Bernard Hall, Cuddington
St Mary's Centre
By Haddenham Webteam - 24th September 2013 8:23am
The current economic recession has had serious consequences for millions of people, but one particular sub-group may be overlooked in all this.
The term NEET (not in employment, education, or training) refers to economically inactive adolescents and young adults. During economic crises, youth unemployment rises faster and recovers more slowly than general unemployment.
In 2012, there were 7.5 million 15-24 year olds (13% of the age group) and 6.5 million 25-29 year olds (20%) recorded as economically inactive in the European Union. Together, they cost the equivalent of £131bn in welfare benefits and lost productivity — 1.2% of EU gross domestic product.
International publications confirm global rates of 10-20% youth unemployment and highlight that the optimal solution is to increase retention in education and training
However, this article is not about the financial implications. Of much greater concern is the fact that prolonged economic inactivity can have profound effects on mental health of these young people: the risks of depression, alcohol or substance misuse, and of suicidal attempts, are increased approximately 3 to 4 fold in economically inactive young adults versus their economically active peers.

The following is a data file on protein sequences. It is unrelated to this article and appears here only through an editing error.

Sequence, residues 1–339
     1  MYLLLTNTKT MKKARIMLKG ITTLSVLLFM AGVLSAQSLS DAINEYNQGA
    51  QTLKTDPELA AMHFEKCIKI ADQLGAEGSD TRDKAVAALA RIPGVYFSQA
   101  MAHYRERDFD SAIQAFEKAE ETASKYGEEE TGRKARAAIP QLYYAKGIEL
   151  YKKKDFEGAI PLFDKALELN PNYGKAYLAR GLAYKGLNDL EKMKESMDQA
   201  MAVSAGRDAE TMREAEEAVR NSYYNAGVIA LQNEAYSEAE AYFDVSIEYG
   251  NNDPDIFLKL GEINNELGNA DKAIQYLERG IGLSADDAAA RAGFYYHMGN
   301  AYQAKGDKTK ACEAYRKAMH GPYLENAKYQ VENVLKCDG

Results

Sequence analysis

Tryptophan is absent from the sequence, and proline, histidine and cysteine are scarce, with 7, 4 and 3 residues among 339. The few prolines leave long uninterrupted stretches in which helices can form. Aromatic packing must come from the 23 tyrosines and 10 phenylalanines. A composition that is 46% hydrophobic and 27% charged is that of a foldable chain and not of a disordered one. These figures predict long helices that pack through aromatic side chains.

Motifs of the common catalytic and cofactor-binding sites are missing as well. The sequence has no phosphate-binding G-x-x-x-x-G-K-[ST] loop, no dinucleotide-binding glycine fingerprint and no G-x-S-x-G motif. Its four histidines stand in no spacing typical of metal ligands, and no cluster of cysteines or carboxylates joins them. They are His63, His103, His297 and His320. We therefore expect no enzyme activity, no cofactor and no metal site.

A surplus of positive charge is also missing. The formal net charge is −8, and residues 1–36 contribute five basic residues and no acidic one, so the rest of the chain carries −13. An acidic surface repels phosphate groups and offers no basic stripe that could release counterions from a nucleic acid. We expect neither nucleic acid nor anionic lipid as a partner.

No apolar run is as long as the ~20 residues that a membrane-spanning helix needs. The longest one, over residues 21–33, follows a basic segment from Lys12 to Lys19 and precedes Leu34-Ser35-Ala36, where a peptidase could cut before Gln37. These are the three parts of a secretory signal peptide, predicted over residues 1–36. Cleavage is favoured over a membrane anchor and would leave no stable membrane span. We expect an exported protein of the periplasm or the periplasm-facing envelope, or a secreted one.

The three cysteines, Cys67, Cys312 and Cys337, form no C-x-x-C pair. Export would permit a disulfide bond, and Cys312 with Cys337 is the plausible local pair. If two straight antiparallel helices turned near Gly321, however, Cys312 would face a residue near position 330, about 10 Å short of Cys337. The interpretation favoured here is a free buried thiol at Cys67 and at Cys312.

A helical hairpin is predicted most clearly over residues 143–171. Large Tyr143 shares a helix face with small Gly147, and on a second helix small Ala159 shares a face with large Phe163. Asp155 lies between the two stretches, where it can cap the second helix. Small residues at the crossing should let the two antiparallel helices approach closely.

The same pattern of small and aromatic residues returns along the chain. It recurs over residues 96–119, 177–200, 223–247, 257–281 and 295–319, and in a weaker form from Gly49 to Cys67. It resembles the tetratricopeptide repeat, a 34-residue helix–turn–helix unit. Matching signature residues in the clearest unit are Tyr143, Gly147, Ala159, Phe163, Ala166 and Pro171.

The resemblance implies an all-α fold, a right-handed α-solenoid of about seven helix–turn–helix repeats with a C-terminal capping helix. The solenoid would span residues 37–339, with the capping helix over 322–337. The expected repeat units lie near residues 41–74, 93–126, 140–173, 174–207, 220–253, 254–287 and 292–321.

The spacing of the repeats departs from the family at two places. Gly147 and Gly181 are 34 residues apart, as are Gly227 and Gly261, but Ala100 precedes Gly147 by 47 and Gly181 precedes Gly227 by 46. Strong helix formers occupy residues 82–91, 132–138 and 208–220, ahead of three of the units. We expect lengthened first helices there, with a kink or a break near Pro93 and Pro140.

According to the British Medical Journal, "mental rather than physical disorders are the chronic illnesses of young adults". However, medical and social services are not strongly placed to pick up on the early signs of mental and emotional problems in this group.
It therefore falls to parents, grandparents and carers to look out for the signs.
While, as individuals, we cannot waive a magic wand to lift the economic recession, we can monitor and support our young people emotionally.
Medical evidence indicates that first serious episode for those who suffer mental disturbance tends to peak at 15-25 years of age. The early phases of the most common mental disorders are characterised by impaired academic performance, changes in social behaviours, and increasing absences from school or work.
As parents, we need to be alert to such signs and act positively to counsel, coach and support our precious young people, and to help them gain early professional support if necessary.
This article has drawn on data from an editorial
in the British Medical Journal, published on
18th September 2013.
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